I have a lot of info for the asking.


Mr. Ivy
;If any one had told me when I was in high school that I would live to see sixty I would  have laughed at them, told them they were crazy and turn my hi-fi record player with Alice Cooper, up as loud as it would go. Now that I am approaching sixty who is laughing? Definitely not I.
; 1969 was the summer of my dreams; we had just moved to Albuquerque New Mexico from a tiny village in south west Missouri called Nixa and man was I in for a culture shock. If you do not know anything about either then allow me to elucidate. I was moved from the good ole country hillbilly Ozark's, to the cosmopolitan sprawling electric city of Albuquerque, population then over a quarter of a million.<

;I remember dreading what was to come, rounding the curves through Tiejeras Canyon thinking I was going to ride horses to and from school and live in a pueblo adobe home. When we rounded the last curve on interstate forty,to my surprise, lay and city that stretched the horizon. Homes everywhere, schools, shopping malls, restaurants, you name it , I saw it! I did not know how to react. I am sure I was somewhat afraid but I think the excitement of not having to ride a horse to school put that fear in the trunk with the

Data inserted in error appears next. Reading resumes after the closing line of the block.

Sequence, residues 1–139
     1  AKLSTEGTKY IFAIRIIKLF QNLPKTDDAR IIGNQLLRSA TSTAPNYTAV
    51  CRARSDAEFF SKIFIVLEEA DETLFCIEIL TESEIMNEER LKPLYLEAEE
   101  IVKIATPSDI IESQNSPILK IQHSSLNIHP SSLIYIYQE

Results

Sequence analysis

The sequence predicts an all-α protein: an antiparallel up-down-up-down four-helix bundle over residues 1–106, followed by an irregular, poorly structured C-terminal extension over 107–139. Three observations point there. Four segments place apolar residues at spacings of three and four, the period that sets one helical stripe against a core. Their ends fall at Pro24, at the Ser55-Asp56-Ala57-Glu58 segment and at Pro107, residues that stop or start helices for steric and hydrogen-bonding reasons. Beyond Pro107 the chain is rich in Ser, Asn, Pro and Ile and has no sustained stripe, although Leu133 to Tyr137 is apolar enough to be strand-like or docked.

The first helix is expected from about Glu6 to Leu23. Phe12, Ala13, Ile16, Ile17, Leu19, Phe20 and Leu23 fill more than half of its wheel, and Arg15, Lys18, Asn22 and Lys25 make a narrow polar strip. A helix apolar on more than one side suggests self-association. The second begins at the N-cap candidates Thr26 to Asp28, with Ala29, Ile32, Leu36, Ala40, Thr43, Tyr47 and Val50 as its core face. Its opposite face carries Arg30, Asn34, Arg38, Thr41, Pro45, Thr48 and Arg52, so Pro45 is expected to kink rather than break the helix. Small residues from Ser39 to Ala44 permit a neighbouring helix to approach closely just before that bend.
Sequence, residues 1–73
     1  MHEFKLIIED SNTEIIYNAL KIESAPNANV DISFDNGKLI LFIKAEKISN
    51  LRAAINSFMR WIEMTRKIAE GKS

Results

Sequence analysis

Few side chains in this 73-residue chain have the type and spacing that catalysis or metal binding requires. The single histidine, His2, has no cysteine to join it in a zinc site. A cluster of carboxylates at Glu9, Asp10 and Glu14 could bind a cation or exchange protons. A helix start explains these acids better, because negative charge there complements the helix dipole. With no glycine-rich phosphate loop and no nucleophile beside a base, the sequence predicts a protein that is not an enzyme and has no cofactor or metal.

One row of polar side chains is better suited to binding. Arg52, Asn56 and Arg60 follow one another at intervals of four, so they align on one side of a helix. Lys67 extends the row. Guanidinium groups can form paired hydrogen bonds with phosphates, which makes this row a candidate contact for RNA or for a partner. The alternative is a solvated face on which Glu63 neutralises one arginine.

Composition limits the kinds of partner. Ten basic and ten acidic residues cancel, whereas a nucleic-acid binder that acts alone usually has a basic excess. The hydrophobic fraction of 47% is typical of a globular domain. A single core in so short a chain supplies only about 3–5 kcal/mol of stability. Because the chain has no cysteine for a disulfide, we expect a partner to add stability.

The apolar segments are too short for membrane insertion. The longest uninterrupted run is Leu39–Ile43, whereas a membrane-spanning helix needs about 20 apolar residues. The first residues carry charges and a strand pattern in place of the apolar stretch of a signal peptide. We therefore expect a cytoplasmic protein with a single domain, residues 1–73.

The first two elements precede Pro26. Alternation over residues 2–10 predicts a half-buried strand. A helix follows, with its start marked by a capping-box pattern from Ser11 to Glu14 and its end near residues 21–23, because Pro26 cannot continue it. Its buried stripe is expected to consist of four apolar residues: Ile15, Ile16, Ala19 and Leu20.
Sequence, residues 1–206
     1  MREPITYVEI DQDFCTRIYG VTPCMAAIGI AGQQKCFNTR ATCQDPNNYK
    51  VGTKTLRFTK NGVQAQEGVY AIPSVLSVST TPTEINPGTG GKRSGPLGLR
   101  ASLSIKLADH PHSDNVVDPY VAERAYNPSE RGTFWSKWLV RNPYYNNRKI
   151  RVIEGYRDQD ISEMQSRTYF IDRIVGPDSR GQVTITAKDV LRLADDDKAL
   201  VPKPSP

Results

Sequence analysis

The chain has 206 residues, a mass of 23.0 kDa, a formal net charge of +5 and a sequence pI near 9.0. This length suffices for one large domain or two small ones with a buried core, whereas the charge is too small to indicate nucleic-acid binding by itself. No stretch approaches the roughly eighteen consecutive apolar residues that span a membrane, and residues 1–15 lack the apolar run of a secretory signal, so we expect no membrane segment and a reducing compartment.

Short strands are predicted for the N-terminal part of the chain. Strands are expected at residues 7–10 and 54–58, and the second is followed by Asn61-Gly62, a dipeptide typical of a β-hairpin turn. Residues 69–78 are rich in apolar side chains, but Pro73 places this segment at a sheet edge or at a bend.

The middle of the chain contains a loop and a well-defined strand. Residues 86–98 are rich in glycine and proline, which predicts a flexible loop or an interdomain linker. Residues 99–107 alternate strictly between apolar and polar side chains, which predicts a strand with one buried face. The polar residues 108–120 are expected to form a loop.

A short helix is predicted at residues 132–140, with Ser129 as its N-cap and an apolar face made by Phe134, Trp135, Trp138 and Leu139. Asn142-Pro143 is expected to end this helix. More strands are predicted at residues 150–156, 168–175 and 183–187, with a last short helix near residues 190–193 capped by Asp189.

;I eagerly sat forward and scanned the road; I saw a plethora of enigmatic people, the sites, and signs of a real city. I asked my father if this was our home and he acknowledged with a gruff &nbsp;yup, and focused on the road. I asked where we would stay and he pointed to a KOA sign and I knew instantly that this meant camping; ugh, I thought, tents, heat, bugs, outdoor toilets, I was just about to gently voice my disapproval when we pulled I to the Howard Johnson's next door. I looked skyward and said," there is a a God"... This begins the best years of my life. Excluding having my children this was the best time in my life.

 Fast forward years later and here I languish, no employment, no hope of employment, no income, no ability to start over, and feeling like nothing more than an unsightly blemish on my families butt. I wake daily wondering why I am still here.&nbsp;<